Pn was significantly correlated with gs (Fig. 5B), and the latter was correlated with end product levels (Fig. 7), indicating that end product accumulation may affect Pn via altering gs. In addition, end product accumulation may also affect photochemical efficiency. ΦPSII decreased as end products increased (Fig. 8), while NPQ increased (Fig. 9). High Pn at low end product content could be explained by high ΦPSII and low NPQ. ΦPSII is the product of qP and Fv′/Fm′ in open PSII centers (Genty et al., 1989), so increased ΦPSII could be due to an increase in photochemical quenching and Fv′/Fm′. NPQ has usually been used as an indicator of the appearance in the photosynthetic apparatus of mechanisms to prevent overexcitation of reaction centers (Ivanov and Edwards, 2000). Leaves with lower end product levels had higher photosynthetic capacity, so they use a bigger fraction of the absorbed light in electron transport. As a result, there was less thermal dissipation of excitation energy.

In conclusion, accumulation of end products in leaves decreased Pn, gs, and E, but increased Tleaf, in peach leaves. However, high foliar end product content had no direct feedback effect on the activities of related enzymes of carbon metabolism in vitro. Thus, changes in Pn in response to accumulation of end products may result from a negative effect on photosynthetic efficiency. Stomatal aperture may start to close as the initial response and thus affect Pn. Accumulated soluble sugar and starch in leaves may change osmotic pressure of the guard cells, resulting in such a gs change. End products may also act as signals, with crosstalk with phytohormones such as abscisic acid (ABA) (Gibson, 2005; Lloyd and Zakhleniuk, 2004; Roitsch, 1999). End product accumulation may also affect photochemical efficiency, changing F0, Fv/Fm, and ΦPSII. However, it will be necessary to focus on the mechanism of end product alteration of stomatal movement for understanding the effect on Pn. Also, the possibility that accumulation of end products may down-regulate photosynthesis in peach leaves by deactivating some of the key enzymes in carbon fixation, such as Rubisco, should be studied in the future.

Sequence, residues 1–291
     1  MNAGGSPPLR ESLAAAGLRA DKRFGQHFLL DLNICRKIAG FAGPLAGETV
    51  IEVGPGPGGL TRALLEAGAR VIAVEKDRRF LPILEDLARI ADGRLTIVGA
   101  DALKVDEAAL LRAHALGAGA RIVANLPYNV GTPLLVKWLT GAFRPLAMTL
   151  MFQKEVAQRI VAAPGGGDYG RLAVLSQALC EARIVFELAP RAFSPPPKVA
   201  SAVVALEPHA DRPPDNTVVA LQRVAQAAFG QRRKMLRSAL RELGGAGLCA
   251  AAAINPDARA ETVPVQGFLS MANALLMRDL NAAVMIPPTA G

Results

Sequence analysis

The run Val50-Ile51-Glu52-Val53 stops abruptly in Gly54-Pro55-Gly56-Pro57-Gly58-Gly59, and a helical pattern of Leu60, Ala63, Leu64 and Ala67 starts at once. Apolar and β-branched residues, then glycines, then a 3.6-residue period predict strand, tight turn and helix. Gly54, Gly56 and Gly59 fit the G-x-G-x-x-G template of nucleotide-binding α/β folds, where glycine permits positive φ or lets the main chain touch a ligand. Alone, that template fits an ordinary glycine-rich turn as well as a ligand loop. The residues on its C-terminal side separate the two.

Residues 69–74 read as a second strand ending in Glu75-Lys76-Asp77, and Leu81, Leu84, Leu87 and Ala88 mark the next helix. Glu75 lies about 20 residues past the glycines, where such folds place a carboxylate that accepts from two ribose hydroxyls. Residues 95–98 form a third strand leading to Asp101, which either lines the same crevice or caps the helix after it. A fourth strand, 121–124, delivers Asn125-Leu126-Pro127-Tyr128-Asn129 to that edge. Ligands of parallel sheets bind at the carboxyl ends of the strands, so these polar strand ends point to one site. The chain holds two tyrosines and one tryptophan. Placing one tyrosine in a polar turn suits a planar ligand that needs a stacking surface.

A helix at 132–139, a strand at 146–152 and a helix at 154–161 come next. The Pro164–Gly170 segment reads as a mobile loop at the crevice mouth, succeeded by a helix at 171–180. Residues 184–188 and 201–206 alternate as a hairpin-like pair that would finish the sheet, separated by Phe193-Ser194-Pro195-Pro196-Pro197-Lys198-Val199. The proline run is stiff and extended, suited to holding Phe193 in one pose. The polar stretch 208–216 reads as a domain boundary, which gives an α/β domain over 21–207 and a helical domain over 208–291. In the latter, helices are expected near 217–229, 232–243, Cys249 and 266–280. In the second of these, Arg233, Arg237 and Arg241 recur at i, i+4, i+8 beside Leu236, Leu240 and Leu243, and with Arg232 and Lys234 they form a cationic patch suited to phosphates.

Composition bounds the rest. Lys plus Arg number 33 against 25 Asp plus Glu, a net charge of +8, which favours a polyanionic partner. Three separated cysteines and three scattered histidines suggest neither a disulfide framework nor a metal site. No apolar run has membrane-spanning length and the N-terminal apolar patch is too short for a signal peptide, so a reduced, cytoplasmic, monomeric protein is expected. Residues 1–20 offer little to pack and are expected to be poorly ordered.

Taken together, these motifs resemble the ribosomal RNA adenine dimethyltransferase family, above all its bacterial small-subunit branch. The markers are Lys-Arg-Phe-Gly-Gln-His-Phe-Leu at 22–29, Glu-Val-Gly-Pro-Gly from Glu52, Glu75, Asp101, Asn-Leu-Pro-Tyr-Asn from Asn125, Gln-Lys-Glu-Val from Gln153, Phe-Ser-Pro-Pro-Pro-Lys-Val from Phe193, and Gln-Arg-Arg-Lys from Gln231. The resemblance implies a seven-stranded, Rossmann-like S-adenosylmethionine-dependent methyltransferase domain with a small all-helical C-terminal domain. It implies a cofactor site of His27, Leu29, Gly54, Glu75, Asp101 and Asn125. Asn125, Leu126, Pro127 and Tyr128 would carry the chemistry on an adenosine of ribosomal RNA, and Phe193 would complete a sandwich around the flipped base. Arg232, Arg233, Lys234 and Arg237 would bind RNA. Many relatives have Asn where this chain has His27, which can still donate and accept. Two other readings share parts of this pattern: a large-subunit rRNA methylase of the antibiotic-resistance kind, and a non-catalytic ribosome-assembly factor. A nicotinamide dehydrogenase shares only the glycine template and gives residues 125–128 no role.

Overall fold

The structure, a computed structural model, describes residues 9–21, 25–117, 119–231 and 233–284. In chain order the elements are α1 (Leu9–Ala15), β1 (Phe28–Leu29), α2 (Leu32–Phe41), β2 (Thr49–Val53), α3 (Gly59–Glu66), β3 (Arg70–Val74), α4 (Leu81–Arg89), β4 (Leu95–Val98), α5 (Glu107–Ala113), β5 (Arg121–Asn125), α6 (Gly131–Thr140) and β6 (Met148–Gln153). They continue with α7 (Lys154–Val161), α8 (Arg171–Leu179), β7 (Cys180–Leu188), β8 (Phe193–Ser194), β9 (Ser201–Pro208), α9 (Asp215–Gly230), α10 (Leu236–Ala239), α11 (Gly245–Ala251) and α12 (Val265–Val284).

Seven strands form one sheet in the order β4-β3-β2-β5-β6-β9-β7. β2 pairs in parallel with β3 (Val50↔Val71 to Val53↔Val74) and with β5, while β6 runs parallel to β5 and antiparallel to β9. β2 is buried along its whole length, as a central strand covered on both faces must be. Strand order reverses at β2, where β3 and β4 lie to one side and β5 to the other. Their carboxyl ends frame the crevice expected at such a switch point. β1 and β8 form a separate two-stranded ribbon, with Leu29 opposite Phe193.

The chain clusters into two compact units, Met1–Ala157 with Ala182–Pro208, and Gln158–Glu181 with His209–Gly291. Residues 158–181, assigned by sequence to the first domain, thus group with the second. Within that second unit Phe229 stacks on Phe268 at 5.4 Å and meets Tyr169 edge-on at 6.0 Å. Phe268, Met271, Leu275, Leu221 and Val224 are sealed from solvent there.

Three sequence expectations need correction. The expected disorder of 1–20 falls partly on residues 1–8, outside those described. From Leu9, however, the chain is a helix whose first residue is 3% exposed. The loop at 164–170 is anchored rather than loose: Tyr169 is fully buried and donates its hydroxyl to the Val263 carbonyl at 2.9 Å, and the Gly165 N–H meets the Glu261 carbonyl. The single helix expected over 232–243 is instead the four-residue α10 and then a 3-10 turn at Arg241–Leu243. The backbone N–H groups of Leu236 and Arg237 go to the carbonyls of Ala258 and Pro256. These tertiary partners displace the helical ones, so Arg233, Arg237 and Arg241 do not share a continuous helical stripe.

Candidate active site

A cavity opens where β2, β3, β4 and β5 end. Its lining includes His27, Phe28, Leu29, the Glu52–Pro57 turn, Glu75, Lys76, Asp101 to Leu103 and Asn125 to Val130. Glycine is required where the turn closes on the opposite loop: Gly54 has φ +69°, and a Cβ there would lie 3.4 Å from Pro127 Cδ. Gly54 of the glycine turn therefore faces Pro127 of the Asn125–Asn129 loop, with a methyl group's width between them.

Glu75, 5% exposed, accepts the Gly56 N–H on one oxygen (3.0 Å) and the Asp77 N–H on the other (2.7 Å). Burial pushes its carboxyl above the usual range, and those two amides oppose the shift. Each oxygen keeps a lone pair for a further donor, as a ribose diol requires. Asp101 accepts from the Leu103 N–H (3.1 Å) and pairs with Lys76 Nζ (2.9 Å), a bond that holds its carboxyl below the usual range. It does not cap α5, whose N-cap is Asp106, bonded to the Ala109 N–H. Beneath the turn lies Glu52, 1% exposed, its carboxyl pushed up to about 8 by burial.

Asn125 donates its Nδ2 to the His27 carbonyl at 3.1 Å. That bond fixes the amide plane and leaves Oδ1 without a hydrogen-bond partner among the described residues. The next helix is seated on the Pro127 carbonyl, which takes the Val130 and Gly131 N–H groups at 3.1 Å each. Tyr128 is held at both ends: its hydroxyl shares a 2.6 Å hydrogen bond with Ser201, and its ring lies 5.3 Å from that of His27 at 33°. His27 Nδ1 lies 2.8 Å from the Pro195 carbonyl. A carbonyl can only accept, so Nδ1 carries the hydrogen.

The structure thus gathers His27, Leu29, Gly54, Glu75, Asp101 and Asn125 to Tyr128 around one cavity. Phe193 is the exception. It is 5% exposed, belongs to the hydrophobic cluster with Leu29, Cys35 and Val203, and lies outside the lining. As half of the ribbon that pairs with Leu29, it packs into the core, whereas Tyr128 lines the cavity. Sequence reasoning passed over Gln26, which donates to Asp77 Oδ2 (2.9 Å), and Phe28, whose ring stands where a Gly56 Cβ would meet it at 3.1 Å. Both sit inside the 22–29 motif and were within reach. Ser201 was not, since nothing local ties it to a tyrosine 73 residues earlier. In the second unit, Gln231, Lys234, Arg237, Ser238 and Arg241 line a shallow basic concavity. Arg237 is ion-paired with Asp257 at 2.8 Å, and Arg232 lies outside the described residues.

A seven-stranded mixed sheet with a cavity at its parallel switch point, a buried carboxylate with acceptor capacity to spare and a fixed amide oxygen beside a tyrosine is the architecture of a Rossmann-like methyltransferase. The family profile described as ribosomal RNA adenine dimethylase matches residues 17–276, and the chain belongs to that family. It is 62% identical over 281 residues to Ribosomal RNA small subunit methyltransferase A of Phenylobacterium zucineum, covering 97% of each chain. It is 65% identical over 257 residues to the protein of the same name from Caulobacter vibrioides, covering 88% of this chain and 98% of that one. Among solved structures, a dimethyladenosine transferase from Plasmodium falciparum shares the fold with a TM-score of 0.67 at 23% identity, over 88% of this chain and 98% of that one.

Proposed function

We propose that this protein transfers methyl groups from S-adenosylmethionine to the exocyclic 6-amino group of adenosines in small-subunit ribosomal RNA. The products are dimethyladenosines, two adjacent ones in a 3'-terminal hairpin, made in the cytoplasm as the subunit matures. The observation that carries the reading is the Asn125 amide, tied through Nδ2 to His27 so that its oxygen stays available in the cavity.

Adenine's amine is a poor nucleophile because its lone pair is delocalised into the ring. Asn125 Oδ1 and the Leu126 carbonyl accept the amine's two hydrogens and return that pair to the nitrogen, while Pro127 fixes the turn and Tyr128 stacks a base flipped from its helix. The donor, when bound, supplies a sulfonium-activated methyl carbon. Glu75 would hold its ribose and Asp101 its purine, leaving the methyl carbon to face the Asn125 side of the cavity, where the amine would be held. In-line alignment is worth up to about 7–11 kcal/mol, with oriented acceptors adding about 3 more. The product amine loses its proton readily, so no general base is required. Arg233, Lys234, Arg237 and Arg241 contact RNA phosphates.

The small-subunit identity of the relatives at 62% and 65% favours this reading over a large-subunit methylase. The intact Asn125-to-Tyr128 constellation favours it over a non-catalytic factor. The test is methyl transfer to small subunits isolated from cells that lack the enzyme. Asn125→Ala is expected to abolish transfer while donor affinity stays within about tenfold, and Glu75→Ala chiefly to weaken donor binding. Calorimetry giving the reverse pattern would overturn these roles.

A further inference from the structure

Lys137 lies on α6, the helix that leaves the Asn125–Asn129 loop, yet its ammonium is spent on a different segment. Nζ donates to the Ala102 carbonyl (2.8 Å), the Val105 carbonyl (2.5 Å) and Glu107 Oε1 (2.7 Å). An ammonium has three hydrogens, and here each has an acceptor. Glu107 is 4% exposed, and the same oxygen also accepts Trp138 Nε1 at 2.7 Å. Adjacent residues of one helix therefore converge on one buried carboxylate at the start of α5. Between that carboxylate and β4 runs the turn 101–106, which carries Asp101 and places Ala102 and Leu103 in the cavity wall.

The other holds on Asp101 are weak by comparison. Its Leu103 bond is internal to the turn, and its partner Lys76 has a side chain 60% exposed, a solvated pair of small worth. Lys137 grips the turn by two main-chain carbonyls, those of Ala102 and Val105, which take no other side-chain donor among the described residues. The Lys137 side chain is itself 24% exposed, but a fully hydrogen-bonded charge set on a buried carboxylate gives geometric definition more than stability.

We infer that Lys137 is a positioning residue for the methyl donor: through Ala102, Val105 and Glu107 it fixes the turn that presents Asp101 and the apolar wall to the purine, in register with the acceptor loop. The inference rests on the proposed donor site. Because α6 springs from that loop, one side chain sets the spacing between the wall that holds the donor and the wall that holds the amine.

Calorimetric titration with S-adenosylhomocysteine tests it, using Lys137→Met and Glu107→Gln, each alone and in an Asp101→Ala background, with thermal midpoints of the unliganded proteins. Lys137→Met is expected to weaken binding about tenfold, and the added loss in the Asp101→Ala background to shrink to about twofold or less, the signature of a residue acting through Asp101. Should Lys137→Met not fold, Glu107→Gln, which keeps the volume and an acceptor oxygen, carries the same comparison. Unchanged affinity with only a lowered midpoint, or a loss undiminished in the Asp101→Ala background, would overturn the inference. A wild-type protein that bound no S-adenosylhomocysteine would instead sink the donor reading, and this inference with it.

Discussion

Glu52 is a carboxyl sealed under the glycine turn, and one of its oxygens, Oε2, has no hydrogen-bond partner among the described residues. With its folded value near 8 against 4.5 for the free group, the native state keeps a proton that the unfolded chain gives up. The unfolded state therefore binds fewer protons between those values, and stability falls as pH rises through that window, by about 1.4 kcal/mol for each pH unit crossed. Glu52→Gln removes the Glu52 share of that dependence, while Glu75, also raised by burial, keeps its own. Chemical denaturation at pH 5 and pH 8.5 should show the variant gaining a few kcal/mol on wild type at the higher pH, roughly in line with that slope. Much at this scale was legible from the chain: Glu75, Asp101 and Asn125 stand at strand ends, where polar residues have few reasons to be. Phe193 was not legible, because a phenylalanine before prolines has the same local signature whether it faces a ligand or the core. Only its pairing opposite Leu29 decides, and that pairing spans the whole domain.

Literature Cited

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    • Search Google Scholar
    • Export Citation
  • DaMatta, F.M., Cunha, R.L., Antunes, W.C., Martins, S.C.V., Araujo, W.L., Fernie, A.R. & Moraes, G.A.B.K. 2008 In field-grown coffee trees source-sink manipulation alters photosynthetic rates, independently of carbon metabolism, via alterations in stomatal function New Phytol. 178 348 357

    • Search Google Scholar
    • Export Citation
  • DeJong, T.M. 1986 Fruit effects on photosynthesis in Prunus persica Physiol. Plant. 66 149 153

  • Duan, W., Fan, P.G., Wang, L.J., Li, W.D., Yan, S.T. & Li, S.H. 2008 Photosynthesis response to low sink demand by fruit removal in relation to photochemistry efficiency, photoinhibition, and photoprotection in peach trees Tree Physiol. 28 123 132

    • Search Google Scholar
    • Export Citation
  • Eliezer, E.G. & Huber, S.C. 1992 Regulation of photosynthesis by end product accumulation in leaves of plants storing starch, sucrose, and hexose sugars Plant Physiol. 99 1443 1448

    • Search Google Scholar
    • Export Citation
  • Genty, B., Briantais, J.M. & Baker, N.R. 1989 The relationship between the quantum yield of photosynthetic electron transport and quenching of chlorophyll fluorescence Biochim. Biophys. Acta 990 87 92

    • Search Google Scholar
    • Export Citation
  • Gibson, S.I. 2005 Control of plant development and gene expression by sugar signaling Curr. Opin. Plant Biol. 8 93 102

  • Huber, S.C. & Israel, D.W. 1982 Biochemical basis for partitioning of photosynthetically fixed carbon between starch and sucrose in soybean (Glycine max Merr.) leaves Plant Physiol. 69 691 696

    • Search Google Scholar
    • Export Citation
  • Iglesias, D.J., Lliso, I., Tadeo, F.R. & Talon, M. 2002 Regulation of photosynthesis through source: Sink imbalance in citrus is mediated by carbohydrate content in leaves Physiol. Plant. 116 563 572